Before he turns the soil, he’ll use a well-rounded organic fertilizer mix of nitrogen, potassium (also known as potash), and phosphorus. It’s important to amend the soil with these organics because it’s essential to the growth of plants and is usually not in sufficient quantities in most soils. As he’s making the beds, he sprinkles the organic fertilizers, dolomitic limestone, green sand, and pulverized phosphate rock. The mix of these organic and inorganic additions forms a dusty layer on top of the bed. He blends it all in with a pick approximately eight inches deep.

Usually every other year, he applies mushroom manure and sand. He gauges this application by how “friable” the soil is. He can tell it’s friable and ready for the root growth of plants, if he clumps it in his palm and the soil falls apart. That means the soil is loose enough without applying the manure or sand. Also, be careful about putting the mushroom manure on seedlings such as peas. Our peas didn’t grow through this top dressing so well last year, and Robert believes manure may not have composted enough, so it burned the seedlings. If the manure is worked into the soil deep enough, this would not have been a problem.cover - lst draftFrom Seed to Table is available on Amazon Kindle for $2.99. On June 13 and 14, you can download the book for FREE.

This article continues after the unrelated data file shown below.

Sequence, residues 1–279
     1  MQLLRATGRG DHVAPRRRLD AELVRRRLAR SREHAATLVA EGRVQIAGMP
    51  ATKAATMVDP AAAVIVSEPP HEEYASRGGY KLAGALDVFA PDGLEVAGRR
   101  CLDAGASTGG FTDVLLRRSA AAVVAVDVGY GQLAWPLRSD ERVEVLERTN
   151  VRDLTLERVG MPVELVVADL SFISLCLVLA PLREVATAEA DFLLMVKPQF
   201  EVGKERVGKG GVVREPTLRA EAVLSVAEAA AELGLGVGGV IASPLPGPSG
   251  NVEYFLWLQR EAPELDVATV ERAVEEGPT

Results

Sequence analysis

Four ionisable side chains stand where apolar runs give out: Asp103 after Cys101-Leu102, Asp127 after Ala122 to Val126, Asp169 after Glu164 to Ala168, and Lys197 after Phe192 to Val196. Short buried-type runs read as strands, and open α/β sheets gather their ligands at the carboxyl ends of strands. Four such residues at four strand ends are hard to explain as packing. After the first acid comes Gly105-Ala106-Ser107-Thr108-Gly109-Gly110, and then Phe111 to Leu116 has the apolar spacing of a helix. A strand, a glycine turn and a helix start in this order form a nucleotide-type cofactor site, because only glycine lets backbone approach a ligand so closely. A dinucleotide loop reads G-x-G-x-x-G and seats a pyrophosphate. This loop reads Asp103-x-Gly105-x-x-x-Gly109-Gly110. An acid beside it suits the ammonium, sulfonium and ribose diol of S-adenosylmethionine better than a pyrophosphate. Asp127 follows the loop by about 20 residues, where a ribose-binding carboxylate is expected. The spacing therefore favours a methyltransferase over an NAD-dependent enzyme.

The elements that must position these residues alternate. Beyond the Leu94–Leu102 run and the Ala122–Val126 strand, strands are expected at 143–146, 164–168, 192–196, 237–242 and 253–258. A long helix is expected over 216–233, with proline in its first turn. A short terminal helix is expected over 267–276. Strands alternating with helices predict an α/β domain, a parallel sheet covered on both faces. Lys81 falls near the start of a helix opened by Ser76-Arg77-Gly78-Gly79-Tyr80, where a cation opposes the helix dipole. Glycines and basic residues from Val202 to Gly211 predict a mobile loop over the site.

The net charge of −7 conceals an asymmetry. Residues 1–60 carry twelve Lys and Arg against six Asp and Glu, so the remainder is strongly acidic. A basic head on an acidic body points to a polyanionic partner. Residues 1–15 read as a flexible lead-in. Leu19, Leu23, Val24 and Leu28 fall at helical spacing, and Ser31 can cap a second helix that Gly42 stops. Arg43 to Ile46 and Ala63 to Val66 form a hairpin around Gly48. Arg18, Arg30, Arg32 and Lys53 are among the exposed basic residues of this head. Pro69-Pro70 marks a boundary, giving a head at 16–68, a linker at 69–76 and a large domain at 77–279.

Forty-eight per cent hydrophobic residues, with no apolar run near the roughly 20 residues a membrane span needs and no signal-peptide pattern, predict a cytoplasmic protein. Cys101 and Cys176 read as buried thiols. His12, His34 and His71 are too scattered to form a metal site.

From Seed to Table

cover - lst draftBy Patricia Zick @PCZick

From Seed to Table  – A Personal Guide to Growing, Harvesting, Cooking, and Preserving Food is now available on Kindle through Amazon. I’m still trying to decide if I’ll do a hard copy of the book – I use lots of photos with the information. Here’s an excerpt on preparing the soil.

Soil Preparation

We don’t test our soil. Robert knows instinctively what the dirt needs when he begins working in the garden, and it’s a function of the moisture in the ground. When the soil dries out, it’s time to start working the beds for the plants ready to go into the garden. He starts planting from mid-March most years.

We’ve been gardening in the same spot for four seasons, so the soil is well conditioned. Robert might not use the rotor tiller this year. It’s not good to break up the soil too much, so now that the soil is in good condition, he hopes he can use a shovel and pickaxe to turn over and break up the soil.